robert e. lee being a good man and others, they were in complete belief and support of the slave system of this nation. >> right. >> and the civil war was not a question of compromise, it was a question of who would tear apart this nation to maintain the economic structure which is what they use that terminology, the economic core of the south which was built on the backs of slave men and women. how horrific for this administration to stand on that and then you may not know but i served as counsel to the select committee on assassination which re-opened the investigations of the assassination of john f. kennedy and dr. king. i saw up close and personal at that time we were dealing with classified items and we could not discuss it publicly but the documents that are coming out i've seen them. it was a horrific attack on dr.
king. >> absolutely. >> it was outrageous. >> people think they only went after so-called radical groups. they went across the board. let me ask you this, the battle today, national action network had its legislative and policy conference this weekend. everyone from nancy pelosi, the minority leader to senator elizabeth warren, to senator bernie sanders, congresswoman freddica wilson and you were there laying out the fights now about voting rights and fights now about the affordable care act and, of course, the fight around tax reform. in fact tax reform was announced by the gop, their plan that day. what are the battles today, congresswoman, that we're facing? why are you and others so aggressively saying that american voters have to really get in tune with the voting and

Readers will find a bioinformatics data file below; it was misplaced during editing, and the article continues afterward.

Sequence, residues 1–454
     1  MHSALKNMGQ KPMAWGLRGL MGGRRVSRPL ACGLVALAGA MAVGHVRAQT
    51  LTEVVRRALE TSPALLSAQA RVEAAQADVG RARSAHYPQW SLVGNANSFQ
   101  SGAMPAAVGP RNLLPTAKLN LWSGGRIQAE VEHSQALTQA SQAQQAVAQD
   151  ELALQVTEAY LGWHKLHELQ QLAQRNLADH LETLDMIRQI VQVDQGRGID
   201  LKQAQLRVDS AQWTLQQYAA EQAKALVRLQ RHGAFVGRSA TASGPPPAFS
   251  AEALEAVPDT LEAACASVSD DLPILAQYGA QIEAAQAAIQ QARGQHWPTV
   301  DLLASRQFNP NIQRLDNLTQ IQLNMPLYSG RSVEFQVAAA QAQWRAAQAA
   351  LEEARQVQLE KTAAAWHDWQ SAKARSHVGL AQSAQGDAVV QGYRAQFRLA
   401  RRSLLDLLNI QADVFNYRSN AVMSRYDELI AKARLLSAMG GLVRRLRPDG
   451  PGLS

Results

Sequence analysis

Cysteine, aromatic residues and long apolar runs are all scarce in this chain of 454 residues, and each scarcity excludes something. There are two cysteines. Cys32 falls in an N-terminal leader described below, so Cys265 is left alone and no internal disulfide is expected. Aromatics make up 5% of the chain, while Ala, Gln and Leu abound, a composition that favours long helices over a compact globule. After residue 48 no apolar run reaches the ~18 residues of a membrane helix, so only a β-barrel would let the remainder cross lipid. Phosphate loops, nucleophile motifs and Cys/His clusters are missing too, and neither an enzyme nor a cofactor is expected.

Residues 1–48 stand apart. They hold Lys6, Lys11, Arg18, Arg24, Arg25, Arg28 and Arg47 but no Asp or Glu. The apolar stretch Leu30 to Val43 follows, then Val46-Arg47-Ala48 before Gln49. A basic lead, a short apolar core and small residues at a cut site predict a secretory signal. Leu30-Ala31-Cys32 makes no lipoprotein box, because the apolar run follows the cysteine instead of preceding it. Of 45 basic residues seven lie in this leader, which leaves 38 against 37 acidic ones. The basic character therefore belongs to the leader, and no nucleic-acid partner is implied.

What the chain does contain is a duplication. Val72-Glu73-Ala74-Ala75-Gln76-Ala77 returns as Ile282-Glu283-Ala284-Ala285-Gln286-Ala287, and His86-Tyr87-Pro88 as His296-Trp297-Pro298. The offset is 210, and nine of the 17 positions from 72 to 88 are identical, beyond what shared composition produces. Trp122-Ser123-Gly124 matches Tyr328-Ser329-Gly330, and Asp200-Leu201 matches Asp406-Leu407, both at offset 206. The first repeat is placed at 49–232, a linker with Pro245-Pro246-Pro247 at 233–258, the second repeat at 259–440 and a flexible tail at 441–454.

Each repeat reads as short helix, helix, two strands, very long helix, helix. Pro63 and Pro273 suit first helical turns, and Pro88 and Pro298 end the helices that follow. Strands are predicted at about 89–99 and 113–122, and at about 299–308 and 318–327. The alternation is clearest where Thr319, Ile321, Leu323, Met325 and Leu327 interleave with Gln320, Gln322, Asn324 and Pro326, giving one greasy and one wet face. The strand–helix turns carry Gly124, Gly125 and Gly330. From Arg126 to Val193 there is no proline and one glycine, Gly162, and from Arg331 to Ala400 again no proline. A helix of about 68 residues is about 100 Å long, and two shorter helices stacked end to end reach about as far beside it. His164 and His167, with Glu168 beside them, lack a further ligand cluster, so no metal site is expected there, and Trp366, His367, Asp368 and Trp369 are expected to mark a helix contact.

civil rights battles right now? >> first of all, it was a testament to national action network substance and work that came out. i was so glad to be there. the challenge is as 2018 approaches the battle is both the lord and it is ours. and we must have a definitive map and plan for a electoral victory, democrats have offered to this nation a better deal. opposed to a tax plan of which no democratic involvement, no working families, no college students had any involvement in and so one, is to in essence, stop this tax plan or to reform the tax system that it impacts working families. voting rights. it is to ensure that unlike the presidential election of 2016, that we have a sacred and protected voting system that russians are not allowed as they were to collaborate with
president trump for his victory that we do not have that kind of intrusion to stop progressive candidates and others from getting their votes and winning. >> we're going to have to hold it there. but i think that it's very important and. >> and fight, stand together united against racial oppression and discrimination and racism. we must bring out all the good americans and they are there that make this country great and unified together. thank you. >> i needed to you make that appeal. thank you congresswoman. sorry we ran out of time. always glad to have you with us. next, up next a heartbreaking story about a man who spent 40 years in prison for a crime he claims he never committed. be right back.